Teen program an ‘eye-opener’
Published 8:04 pm Tuesday, February 1, 2011
Jamie Scarbrough describes the “It Won’t Happen to Me” program as “an eye-opener for parents and teens.”
Scarbrough, who serves as circuit clerk in Pike County, was one of more than 450 adults and teens who attended the presentation Friday night.
“As a parent, it made me realize some of the things I need to talk to my children about, such as not texting while driving or driving with too many kids in the car,” she said.
The presentation, developed Bill Richardson and Lauren Winborne, targets driving awareness for teens. Jennifer Garrett coordinated the volunteer team that brought the program to Pike County.
“We organized the event to let kids know that any kind of distraction can cause an accident,” Garrett said.
Garrett has observed the many distractions teens face while driving and wanted to let theens know just how dangerous these distractions can be.
“There are many distractions that, to most drivers, just don’t seem like too big of a deal,” Garrett said. “Anything, from having too many people in the car, texting while driving, looking around to see the person in the vehicle next to you, or something as innocent as reaching for a CD to listen to, can cause an accident.”
The program, “It Won’t Happen to Me,” was developed as a direct response to the number one cause of death for teens: vehicle accidents. The theme comes from the misguided belief that most teen drivers have about their safety behind the wheel and the feeling of being impervious to car crashes.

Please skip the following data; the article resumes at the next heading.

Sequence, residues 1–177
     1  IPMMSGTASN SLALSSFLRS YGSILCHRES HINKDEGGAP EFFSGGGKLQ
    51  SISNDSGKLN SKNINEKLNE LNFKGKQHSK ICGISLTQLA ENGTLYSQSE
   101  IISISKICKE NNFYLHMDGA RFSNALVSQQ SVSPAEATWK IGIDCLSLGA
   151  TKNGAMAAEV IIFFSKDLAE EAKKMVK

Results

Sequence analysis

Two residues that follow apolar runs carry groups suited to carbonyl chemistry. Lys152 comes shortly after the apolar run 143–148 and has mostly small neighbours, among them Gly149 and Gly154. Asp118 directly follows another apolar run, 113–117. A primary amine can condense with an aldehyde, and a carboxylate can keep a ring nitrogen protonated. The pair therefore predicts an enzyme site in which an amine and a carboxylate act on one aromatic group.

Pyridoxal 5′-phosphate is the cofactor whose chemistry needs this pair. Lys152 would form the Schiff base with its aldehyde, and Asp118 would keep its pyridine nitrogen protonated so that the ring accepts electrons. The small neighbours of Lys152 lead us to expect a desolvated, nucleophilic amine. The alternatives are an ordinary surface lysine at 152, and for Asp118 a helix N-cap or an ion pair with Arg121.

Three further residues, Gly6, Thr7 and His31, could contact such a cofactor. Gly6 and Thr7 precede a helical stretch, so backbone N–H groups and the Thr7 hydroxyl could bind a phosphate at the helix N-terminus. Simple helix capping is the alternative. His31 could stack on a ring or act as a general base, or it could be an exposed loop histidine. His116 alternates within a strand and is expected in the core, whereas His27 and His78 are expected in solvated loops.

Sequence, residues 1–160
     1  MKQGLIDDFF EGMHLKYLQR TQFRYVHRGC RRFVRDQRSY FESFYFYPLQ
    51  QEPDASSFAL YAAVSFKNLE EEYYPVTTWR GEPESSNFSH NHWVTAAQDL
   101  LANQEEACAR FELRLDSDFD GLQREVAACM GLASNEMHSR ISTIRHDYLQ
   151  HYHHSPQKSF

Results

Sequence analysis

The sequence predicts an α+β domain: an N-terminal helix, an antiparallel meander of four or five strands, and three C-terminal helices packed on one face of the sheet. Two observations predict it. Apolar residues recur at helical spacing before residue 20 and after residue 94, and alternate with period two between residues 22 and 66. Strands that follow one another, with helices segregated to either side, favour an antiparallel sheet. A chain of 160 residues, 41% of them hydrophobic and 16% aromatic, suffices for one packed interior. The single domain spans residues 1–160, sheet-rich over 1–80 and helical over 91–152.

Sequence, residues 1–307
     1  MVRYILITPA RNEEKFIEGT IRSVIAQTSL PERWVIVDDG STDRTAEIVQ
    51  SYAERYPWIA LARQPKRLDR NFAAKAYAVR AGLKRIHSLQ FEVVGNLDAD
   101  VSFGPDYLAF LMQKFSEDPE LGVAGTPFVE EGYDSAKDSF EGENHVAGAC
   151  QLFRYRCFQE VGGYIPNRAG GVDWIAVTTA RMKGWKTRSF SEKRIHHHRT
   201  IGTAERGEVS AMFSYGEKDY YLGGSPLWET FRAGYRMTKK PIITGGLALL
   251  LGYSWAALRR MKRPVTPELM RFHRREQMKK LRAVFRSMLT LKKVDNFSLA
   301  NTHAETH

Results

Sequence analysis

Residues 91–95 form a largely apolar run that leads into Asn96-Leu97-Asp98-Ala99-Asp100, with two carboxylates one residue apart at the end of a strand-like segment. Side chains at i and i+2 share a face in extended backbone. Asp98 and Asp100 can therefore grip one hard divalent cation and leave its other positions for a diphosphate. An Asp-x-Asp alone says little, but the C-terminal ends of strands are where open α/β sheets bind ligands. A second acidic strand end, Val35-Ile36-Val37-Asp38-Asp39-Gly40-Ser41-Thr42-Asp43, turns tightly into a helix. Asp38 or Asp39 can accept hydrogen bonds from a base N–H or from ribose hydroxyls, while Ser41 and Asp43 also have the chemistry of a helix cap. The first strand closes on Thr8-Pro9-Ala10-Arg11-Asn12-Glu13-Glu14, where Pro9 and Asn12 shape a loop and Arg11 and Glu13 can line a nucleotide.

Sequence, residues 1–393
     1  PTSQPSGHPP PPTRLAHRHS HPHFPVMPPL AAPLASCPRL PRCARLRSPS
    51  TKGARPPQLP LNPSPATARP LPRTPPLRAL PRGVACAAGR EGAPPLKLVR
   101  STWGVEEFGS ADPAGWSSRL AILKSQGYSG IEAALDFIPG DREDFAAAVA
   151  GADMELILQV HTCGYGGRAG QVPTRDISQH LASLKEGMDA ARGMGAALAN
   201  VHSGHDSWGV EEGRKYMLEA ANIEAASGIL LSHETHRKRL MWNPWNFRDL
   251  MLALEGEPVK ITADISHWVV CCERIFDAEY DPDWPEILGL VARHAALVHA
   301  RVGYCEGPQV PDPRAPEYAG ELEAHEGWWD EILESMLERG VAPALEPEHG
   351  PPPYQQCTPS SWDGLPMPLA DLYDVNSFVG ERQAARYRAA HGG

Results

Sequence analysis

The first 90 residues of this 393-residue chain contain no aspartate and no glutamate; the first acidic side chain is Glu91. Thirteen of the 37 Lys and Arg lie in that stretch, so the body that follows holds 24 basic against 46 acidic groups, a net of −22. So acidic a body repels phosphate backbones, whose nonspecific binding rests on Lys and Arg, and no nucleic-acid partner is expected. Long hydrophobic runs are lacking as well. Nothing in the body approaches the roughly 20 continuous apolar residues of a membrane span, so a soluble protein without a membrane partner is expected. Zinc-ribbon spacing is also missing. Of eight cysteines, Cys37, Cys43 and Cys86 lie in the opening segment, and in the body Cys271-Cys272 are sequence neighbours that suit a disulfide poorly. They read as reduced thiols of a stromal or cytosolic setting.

Statistics taken from Richardson’s website reveal that “over 6,000 teens die in car crashes every year” and that 70 percent of these accidents could have been avoided. The website suggests, inexperience and distractions are the main cause of teen car crashes.
“My main goal in trying to get the program here was to let the teens know that when they do have accidents, it affects all of us,” Garrett said. “We wanted to make them aware of the things that do cause accidents, so we can prevent them from happening.”
Garrett, who is all too familiar with the pain that comes from the loss of a loved one, attested to the necessity of teens’ paying attention to their surroundings while driving.
“They just need to think about some of the things they decide to do while driving,” Garrett said. “If something were to happen to them, their parents and their closest friends would hurt.”
Scarbrough helped organize the event and noted the appropriateness of the title of Richardson’s program. “It’s the mindset of teenagers,” Scarbrough said. “I just hope the program opened their eyes to how dangerous driving can be.”
It is not without a great deal of thanks that Garrett attributes the success of Friday evening’s event to all the sponsors and people involved in the presentation.